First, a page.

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More Shows I’m Falling For

I told you about some of the new fall shows I liked last week. This week I want to talk to you guys about other shows that stood out to me.
One such show is called “The Defenders” starring Jim Belushi and Jerry O’Connell. They approach the material with a lot of heart and a strong sense of right and wrong.

This is not strictly a typical lawyer show. In the pilot episode, a woman is charged with leaving her infant daughter in a roasting hot car while she went to work. The thing is, she was so shocked by the event, she didn’t appear to show any remorse and it was Belushi’s character’s job to present her as a sympathetic victim to the jury. When the court wanted to take away her older daughter, Belushi stepped in to take the child into his own home and avoid foster care.

Both O’Connell and Belushi have starred in sitcoms before, and this is quite a departure for them both.

“Outlaw” with Jimmy Smits as a lawyer who gives up a position on the Supreme Court is also not a routine attorney show. I really love the character Jimmy Smits plays and the show’s concept, but some people may have trouble swallowing the idea of someone resigning a position on the Supreme Court to “fight injustice.” I can see where that could be a tough pill to swallow for some, but not me.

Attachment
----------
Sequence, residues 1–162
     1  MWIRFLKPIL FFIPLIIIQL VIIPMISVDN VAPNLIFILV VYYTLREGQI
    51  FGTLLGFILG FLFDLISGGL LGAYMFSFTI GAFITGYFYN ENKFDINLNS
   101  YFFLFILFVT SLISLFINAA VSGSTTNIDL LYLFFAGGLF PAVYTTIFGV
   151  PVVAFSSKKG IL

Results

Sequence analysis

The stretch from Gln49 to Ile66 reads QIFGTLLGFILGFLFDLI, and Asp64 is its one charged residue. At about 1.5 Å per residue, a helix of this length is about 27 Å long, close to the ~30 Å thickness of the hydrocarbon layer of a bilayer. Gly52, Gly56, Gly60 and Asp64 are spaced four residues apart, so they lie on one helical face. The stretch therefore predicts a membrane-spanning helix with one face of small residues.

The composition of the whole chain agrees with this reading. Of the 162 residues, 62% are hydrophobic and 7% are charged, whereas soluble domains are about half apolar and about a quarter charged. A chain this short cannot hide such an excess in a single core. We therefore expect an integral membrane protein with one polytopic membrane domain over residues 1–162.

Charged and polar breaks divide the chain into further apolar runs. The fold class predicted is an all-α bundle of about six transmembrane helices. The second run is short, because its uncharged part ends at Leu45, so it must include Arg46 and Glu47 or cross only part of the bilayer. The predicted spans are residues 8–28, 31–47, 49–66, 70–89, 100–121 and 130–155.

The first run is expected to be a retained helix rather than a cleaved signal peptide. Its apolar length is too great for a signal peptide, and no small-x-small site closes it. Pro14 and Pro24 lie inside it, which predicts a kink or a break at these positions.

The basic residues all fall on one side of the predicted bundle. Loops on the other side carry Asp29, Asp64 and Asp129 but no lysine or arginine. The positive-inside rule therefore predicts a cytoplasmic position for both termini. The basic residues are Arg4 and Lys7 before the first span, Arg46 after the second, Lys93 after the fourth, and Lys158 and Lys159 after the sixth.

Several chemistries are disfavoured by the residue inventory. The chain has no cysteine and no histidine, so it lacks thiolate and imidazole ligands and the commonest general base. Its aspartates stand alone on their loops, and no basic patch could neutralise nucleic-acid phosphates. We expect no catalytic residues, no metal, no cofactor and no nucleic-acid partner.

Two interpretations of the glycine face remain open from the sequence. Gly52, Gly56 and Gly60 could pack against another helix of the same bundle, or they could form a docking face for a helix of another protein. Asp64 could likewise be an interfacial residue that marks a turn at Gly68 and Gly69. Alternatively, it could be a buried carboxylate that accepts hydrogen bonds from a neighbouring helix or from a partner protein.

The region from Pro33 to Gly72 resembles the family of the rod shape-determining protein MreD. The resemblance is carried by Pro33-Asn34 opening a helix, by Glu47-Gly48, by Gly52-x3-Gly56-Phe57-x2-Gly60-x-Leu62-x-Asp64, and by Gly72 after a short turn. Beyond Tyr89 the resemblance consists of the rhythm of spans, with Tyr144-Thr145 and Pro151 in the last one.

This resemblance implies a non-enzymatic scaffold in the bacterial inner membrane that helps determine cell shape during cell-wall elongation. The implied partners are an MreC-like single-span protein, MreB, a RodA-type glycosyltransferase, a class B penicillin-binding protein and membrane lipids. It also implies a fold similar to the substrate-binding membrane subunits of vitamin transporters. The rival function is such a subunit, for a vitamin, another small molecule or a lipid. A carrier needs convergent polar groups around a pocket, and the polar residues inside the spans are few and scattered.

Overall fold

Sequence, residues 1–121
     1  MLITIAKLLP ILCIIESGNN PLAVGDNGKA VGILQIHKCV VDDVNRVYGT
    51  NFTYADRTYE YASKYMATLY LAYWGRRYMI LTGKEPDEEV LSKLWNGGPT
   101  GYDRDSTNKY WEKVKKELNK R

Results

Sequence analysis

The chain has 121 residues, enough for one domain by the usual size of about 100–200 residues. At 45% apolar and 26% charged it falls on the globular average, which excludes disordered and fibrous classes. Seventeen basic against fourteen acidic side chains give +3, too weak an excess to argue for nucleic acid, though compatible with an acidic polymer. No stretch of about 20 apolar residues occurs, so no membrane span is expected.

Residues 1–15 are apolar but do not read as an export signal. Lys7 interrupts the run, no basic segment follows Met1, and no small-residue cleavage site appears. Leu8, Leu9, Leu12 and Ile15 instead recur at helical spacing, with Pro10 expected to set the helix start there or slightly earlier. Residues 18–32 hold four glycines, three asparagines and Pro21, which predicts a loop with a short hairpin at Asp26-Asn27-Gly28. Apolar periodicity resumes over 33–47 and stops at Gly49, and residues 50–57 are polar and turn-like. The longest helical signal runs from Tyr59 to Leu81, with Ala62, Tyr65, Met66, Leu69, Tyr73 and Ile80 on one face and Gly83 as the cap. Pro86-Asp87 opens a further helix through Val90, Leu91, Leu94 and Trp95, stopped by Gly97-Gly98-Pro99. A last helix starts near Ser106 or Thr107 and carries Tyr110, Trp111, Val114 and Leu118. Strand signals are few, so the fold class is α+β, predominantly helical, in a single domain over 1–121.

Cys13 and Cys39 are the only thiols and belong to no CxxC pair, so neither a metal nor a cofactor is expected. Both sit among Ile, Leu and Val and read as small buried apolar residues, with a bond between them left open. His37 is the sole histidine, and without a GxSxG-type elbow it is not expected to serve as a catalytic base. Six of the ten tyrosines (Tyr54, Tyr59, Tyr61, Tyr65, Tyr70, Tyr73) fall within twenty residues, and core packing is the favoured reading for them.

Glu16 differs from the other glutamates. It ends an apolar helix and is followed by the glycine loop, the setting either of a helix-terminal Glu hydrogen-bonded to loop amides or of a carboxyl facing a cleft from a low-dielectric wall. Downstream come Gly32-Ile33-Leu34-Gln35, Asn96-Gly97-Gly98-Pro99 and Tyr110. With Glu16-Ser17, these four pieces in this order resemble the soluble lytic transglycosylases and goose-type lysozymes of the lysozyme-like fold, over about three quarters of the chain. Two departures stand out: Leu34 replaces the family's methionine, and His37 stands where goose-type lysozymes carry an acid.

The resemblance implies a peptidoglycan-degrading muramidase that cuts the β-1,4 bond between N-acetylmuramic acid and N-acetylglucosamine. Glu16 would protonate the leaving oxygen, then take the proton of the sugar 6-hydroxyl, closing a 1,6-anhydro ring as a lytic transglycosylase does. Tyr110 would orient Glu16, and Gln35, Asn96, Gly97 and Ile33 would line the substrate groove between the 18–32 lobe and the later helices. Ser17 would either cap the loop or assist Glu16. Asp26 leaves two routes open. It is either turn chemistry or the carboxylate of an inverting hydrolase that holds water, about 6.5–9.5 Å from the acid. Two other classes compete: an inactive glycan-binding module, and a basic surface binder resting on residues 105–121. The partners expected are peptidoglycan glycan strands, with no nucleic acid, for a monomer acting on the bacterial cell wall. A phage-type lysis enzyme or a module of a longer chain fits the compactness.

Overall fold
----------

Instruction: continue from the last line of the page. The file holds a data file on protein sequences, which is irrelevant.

As for sitcoms, “Outsourced” seemed silly and unrealistic to me, so much so that I stopped watching it halfway through the first episode and erased it from my DVR. That may not seem fair, but there are just too many shows in competition to watch.

Then there’s “My Generation.” I watched the first episode and found myself bored with the reality aspect chronicling a young man’s life. I found the show skipped around from one character to another so much that the viewer couldn’t identify with any characters. This is another show I won’t have Herman and Terry record for me any more.

Now for some returning favorites.

I’ll start out with the half-hour sitcom “The Middle” with Patricia Heaton who we all got to know as Ray Ramano’s wife on “Everybody Loves Raymond.” As the frazzled mother on “The Middle,” Heaton has a different role than as the sane, ultra competent wife on “Everybody Loves Raymond.” And the children are especially interesting with a boy, “Brick” who is always whispering an ongoing monologue to himself and his big sister, “Sue,” who can’t seem to do anything right but keeps smiling through it all. Big brother Axl is always appearing in his underwear boxer shorts. I’ve seen him dressed once.

Another standout returns in “Modern Family,” which incidentally won an Emmy for Best Prime Time Comedy. This show presents all kinds of mix and match families blended together and makes the viewer like them all.

About Kathryn Spira

Kathryn Spira, a native of Cleveland, OH who pursued an acting career in NYC and Los Angeles, now pursues freelance writing from Caroga Lake in Fulton County, New York. Previous columns may be accessed at her web site